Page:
The question we address today is whether the trial court applied the correct standards in determining that the search of the defendant's car and the taking of his incriminatory statements violated the rights guaranteed to him under the Fourth and Fifth Amendments of the United States Constitution. Because we conclude that the trial court improperly analyzed the car search, we remand that issue for further findings of fact by the court. We affirm the suppression of the defendant's statements.


There are three basic categories of citizen encounters with law enforcement officials: consensual interviews or encounters, investigative stops or detentions,[3] and arrests. People v. Anthony Trujillo, 773 P.2d 1086, 1089 (Colo.1989). The last two categories are seizures within the scope of the Fourth Amendment. This case involves all three of these categories, beginning with an investigative detention which then became a consensual encounter and ended as an arrest.

The statutory authority for an investigative stop is section 16-3-103(1), 8A C.R.S. (1986), which provides that, "A peace officer may stop any person who he reasonably suspects is committing, has committed or is about to commit a crime and may require him to give his name and address, identification ... and an explanation of his actions." Under this statute, the officer here had authority to stop the defendant, since he had a reasonable suspicion that the temporary sticker had been altered, which would constitute a misdemeanor traffic offense. § 42-3-122(2)(b), 17 C.R.S. (1992 Supp.). Upon investigation, he discovered that the sticker had been altered, but that the alteration had been done by the dealer.

With the information obtained during the stop, the officer had probable cause to charge the defendant with traffic code violations for driving without insurance and driving with a suspended license, and he did so, without arresting the defendant. The officer had no reasonable suspicion or probable cause to believe that the defendant was committing, had committed, or was about to commit any other crime. Therefore, after the ticket was issued, the investigative traffic stop was over. At this point, our analysis moves on to the consensual encounter.

A consensual encounter consists of the voluntary cooperation of an individual to the non-coercive questioning by an officer. The individual is free to leave at any time during such an encounter, and, therefore, he is not "seized" within the meaning of the Fourth Amendment. See Anthony Trujillo, 773 P.2d at 1089; Terry, 392 U.S. at 19 n. 16, 88 S. Ct. at 1879 n. 16. The test for determining if the encounter is a consensual one is whether a reasonable person under the circumstances would believe he or she was free to leave and/or *1178 to disregard the official's request for information. See INS v. Delgado, 466 U.S. 210, 215, 104 S. Ct. 1758, 1762, 80 L. Ed. 2d 247 (1984) (citing United States v. Mendenhall, 446 U.S. 544, 554, 100 S. Ct. 1870, 1877, 64 L. Ed. 2d 497 (1980)). A reasonable person in the defendant's position would have known that he was free to go because the officer so informed the defendant, and the defendant conceded that he knew this in his testimony. The officer testified that he tried to make people in this sort of situation feel "comfortable" and the defendant agreed that he did feel "comfortable" at that point in time. The defendant chose not to leave but rather acquiesced in the officer's request to respond to some questions. Therefore, the trial court was correct in finding this encounter to be entirely consensual.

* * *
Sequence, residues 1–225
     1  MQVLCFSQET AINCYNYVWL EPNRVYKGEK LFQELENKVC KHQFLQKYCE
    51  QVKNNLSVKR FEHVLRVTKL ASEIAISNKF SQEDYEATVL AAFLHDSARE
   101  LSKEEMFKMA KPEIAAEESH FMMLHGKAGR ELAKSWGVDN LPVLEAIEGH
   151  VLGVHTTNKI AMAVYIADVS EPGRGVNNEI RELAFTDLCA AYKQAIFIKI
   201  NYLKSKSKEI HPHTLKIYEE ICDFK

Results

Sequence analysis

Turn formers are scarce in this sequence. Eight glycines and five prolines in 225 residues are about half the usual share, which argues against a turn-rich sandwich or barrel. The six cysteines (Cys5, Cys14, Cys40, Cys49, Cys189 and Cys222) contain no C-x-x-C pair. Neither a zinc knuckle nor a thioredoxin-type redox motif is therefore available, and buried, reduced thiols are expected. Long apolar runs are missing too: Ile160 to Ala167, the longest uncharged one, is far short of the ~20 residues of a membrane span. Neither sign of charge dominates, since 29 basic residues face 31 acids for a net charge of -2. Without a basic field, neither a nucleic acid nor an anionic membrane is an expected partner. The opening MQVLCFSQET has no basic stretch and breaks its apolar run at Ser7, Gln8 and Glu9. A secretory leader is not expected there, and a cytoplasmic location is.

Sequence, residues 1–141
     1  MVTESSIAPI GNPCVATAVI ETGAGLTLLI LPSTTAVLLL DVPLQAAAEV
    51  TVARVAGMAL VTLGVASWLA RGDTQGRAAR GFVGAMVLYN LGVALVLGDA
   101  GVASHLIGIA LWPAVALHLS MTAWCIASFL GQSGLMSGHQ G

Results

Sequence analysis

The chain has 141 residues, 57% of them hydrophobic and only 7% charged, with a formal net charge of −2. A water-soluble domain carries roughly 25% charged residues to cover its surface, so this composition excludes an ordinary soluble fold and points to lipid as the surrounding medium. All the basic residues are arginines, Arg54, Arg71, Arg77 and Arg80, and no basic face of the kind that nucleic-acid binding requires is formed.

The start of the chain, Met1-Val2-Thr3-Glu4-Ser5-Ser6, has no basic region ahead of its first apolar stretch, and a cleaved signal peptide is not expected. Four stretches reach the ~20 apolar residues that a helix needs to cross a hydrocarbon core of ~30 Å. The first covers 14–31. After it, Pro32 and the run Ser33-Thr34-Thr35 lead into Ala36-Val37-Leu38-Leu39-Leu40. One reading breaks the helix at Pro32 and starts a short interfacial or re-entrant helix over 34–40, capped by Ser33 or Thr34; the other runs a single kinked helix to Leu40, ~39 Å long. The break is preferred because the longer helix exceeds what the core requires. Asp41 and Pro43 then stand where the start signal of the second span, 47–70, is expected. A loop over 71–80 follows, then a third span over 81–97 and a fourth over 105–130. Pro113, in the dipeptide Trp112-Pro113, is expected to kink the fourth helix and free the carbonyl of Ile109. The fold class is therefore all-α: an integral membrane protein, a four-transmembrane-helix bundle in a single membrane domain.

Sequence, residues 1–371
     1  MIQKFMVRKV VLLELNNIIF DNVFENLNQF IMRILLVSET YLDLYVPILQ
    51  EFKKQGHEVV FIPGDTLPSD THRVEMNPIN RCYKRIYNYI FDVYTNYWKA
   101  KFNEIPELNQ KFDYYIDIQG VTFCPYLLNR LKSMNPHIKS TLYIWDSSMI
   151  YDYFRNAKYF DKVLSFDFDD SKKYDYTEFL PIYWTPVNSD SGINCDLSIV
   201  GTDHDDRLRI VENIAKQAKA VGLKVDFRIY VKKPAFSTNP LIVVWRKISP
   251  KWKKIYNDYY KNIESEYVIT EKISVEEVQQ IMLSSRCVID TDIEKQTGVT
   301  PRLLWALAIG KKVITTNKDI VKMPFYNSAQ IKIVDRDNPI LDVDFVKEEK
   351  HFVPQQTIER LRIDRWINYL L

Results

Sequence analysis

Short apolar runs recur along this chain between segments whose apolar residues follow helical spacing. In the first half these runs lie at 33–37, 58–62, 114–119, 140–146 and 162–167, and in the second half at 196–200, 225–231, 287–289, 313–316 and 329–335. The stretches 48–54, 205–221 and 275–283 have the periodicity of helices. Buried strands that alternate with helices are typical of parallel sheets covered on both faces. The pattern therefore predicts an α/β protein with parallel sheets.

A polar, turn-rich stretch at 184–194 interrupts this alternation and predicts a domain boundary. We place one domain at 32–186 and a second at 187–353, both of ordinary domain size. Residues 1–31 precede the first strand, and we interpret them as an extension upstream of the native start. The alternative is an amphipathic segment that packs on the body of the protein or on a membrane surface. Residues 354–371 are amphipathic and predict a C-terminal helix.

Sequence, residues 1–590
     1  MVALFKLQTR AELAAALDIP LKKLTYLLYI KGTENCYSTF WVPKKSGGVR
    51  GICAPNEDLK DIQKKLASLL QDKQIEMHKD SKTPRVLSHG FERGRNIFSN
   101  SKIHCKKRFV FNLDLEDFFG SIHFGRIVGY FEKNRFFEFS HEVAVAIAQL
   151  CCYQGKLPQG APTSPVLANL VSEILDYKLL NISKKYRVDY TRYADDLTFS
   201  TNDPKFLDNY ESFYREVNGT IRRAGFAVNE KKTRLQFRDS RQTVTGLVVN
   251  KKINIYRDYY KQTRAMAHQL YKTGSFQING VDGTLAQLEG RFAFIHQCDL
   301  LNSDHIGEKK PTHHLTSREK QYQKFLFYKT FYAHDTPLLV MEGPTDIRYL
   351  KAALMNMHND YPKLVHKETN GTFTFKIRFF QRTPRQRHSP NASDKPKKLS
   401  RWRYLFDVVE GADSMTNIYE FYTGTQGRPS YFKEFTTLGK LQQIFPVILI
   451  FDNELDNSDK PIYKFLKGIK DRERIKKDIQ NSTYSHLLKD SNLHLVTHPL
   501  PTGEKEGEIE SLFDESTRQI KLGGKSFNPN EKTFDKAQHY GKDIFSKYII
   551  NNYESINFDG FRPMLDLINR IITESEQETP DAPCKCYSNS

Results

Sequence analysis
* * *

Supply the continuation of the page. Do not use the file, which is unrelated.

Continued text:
From the evidence before it, the trial court agreed with the People and found, although the defendant testified to the contrary, that the defendant gave his consent to have his person searched. Findings of fact by the trial court, including the determination that consent was given and such consent was voluntary, which are supported by competent evidence in the record will not be disturbed on appeal. People v. Hutton, 831 P.2d 486, 488 (Colo.1992); People v. Cummings, 706 P.2d 766, 769 (Colo. 1985). Therefore we affirm the trial court's finding that the pot pipe was admissible, since it was discovered as a result of this consensual search.


Once the pot pipe was found, however, the defendant was in custody. "A person obviously is `in custody' when that person has been subjected to the constraints associated with a formal arrest." People v. Julian Trujillo, 784 P.2d 788, 791 (Colo.1990). The test is an objective one: whether a reasonable person in the suspect's position would consider himself deprived of his freedom of action in any significant way. See People v. Hamilton, 831 P.2d 1326, 1330 (Colo.1992); Julian Trujillo, 784 P.2d at 791. Here, the defendant was told that he was being detained and, at the very least, would receive a ticket. In addition, another officer had been called and had arrived on the scene to act as backup. The officer testified that the defendant was no longer free to go.

At this point in time, the officer began to interrogate the defendant. The term "interrogation" under Miranda refers not only to express questioning by a police officer, but also to any words or actions on the part of the officer that the officer "should know are reasonably likely to elicit an incriminating response from the suspect." Rhode Island v. Innis, 446 U.S. 291, 301, 100 S. Ct. 1682, 1690, 64 L. Ed. 2d 297 (1980); see also Hamilton, 831 P.2d at 1331; Julian Trujillo, 784 P.2d at 790. The determination of whether an officer's words or actions are "reasonably likely to elicit an incriminating response" turns primarily "upon the perceptions of the suspect, rather than the intent of the police." Innis, 446 U.S. at 301, 100 S. Ct. at 1689.